By Oliver Sprague, Programme Director Arms, Amnesty International UK, writing from the Arms Trade Treaty negotiations in New York
It is self evident that to control the arms trade you have to control the things that kill, maim and brutalize people. You also have to control the ways that different types of weapons are irresponsibly supplied to governments that commit serious human rights abuses.
In other words, if you want a treaty that really is going to save lives, protect and uphold human rights, you need to have a pretty comprehensive definition of what it is you are going to control.
Self evident as it maybe, several states present for the Arms Trade Treaty (ATT) negotiations in New York want to narrow the scope of the treaty.
Iran for example, in its statement, said the Arms Trade Treaty should not cover small arms, ammunition, missiles, weapons technology and weapons parts and components.
The US continues to argue against ammunition being included in the ATT and Egypt told delegates that if the Treaty was to help save lives, small arms – the category of weapons that kills most people – should be left out.
Obviously if such views prevail, we’ll have an arms trade treaty that’s very light on the actual weapons part.
Today I was addressing conference delegates at an Amnesty lunch time meeting sponsored by the French government, to remind them of why a comprehensive scope is important to achieve an effective treaty.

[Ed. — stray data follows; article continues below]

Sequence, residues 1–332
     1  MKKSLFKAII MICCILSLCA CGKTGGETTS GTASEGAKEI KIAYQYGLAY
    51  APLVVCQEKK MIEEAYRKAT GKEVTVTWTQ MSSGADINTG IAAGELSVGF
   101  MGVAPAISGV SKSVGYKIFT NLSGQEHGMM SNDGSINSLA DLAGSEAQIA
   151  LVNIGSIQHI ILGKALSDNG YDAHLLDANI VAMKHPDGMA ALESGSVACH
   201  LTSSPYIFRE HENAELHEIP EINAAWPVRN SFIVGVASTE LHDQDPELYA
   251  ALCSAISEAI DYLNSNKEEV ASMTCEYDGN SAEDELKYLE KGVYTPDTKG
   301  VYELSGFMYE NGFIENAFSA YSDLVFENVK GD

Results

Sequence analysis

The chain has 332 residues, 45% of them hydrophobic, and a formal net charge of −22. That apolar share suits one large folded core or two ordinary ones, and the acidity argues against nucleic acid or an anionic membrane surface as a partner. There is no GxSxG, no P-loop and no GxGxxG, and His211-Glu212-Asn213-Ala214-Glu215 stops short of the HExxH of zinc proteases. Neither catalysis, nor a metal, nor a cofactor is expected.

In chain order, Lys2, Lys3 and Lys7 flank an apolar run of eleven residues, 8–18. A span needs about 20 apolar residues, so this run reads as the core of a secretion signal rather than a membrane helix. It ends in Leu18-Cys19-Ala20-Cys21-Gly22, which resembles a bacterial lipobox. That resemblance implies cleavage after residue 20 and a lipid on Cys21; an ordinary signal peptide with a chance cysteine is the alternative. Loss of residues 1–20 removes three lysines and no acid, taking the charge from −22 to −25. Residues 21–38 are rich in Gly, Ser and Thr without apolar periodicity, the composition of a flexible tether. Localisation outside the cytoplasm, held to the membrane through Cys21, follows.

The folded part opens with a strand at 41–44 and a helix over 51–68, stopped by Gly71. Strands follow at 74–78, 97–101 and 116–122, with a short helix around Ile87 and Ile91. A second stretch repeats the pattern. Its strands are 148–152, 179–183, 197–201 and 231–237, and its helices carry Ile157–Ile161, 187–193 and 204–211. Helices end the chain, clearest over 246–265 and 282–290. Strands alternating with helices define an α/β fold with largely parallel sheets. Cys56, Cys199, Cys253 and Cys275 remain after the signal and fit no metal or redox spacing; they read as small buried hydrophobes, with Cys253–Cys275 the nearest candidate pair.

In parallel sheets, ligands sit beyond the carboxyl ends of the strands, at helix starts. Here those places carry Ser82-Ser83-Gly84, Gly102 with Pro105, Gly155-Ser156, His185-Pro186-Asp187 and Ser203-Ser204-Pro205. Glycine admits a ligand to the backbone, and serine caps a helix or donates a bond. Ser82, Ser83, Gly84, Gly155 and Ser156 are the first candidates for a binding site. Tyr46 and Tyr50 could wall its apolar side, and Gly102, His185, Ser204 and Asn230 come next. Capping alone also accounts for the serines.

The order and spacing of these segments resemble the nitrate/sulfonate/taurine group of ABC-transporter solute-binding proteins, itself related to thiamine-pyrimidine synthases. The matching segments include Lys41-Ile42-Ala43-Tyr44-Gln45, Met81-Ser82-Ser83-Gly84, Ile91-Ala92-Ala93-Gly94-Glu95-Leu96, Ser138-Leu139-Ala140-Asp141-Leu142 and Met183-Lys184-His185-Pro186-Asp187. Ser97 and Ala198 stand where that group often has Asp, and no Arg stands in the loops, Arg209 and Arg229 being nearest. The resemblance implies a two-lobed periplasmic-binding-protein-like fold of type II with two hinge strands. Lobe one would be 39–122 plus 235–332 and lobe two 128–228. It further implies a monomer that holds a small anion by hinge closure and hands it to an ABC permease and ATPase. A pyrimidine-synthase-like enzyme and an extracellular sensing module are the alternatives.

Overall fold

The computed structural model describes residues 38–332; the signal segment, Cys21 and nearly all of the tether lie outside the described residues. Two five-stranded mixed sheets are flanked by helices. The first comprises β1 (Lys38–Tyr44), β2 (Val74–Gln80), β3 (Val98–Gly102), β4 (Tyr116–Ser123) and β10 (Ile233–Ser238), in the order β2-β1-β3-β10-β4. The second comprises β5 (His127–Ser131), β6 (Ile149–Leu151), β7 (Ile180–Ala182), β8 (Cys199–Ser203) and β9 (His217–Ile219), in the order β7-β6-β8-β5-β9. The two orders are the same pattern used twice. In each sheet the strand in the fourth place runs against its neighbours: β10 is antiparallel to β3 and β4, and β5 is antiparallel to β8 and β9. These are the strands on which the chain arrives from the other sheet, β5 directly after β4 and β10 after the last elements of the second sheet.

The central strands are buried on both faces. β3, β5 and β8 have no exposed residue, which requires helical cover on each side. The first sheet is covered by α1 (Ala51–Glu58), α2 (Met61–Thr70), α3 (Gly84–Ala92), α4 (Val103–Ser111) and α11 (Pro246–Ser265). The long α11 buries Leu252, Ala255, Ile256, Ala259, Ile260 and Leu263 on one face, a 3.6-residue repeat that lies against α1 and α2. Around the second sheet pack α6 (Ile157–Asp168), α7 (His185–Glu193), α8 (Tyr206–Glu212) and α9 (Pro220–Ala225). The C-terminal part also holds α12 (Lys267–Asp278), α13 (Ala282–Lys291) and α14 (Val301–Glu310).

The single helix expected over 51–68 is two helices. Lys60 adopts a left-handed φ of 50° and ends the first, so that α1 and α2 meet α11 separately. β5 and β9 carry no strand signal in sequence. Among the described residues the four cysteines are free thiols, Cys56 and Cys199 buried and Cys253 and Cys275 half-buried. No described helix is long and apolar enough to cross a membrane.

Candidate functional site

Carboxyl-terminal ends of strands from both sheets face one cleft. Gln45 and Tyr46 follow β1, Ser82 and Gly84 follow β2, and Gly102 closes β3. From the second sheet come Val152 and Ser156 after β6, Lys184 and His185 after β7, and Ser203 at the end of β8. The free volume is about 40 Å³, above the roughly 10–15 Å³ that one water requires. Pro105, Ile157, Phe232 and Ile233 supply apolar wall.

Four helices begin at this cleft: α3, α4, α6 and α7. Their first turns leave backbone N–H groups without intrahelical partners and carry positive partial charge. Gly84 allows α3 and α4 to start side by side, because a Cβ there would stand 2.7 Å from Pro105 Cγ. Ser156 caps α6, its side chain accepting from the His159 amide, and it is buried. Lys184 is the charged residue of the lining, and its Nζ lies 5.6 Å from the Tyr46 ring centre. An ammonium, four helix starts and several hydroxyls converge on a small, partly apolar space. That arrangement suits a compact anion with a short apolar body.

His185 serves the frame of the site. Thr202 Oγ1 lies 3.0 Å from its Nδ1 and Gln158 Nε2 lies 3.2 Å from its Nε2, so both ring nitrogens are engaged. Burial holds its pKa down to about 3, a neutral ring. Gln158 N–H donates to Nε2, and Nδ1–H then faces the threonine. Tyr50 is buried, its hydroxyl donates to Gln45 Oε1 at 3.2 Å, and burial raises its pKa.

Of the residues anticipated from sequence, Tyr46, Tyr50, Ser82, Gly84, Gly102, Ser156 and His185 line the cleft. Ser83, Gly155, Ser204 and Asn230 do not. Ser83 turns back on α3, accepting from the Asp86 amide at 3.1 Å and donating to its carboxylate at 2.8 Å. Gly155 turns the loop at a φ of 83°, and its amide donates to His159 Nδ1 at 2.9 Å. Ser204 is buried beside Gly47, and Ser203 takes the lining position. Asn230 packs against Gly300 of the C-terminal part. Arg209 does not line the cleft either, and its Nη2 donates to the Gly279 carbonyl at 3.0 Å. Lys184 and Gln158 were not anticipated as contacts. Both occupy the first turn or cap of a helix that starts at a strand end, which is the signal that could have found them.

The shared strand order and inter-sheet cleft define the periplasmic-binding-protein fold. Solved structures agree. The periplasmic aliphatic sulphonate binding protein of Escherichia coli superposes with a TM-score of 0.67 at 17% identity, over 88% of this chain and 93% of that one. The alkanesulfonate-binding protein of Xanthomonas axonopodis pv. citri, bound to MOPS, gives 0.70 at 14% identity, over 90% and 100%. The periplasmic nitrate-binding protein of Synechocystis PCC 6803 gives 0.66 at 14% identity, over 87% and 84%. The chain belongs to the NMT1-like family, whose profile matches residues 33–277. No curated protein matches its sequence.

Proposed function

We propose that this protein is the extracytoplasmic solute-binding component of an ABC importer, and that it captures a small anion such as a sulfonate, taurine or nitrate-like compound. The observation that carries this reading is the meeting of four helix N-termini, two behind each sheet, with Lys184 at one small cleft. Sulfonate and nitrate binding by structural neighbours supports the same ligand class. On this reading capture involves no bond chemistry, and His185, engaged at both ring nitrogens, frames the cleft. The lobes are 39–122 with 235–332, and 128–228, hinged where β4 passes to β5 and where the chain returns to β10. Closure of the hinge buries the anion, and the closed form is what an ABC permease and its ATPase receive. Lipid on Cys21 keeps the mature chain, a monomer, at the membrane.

I was speaking alongside Sergio Finardi, from Transarms, an expert in arms transportation and Georges Guillermou from Action Sécurité Ethique Républicaines (ASER), a retired superintendent in the French National Police and Security Human Rights Expert for the Council of Europe.
A main focus of my intervention was to ensure that governments did not exclude weapons used for internal security including things like tear gas, rubber bullets and specialist crowd control vehicles.
Recent experience in MENA has shown how devastating the misuse of this equipment has been in brutal crackdowns by several of the region’s governments against their own populations.
It’s important to remember that this equipment, as well other disputed categories like ammunition, small arms, parts, components, weapons related technologies and production equipment is already controlled under the arms exporting systems of nearly all arms producing states so it makes no real sense that governments continue to argue against their own existing national practice, especially given the appalling human suffering that results from irresponsible trading in these items.
Olly Sprague (Blog profile, Amnesty International UK)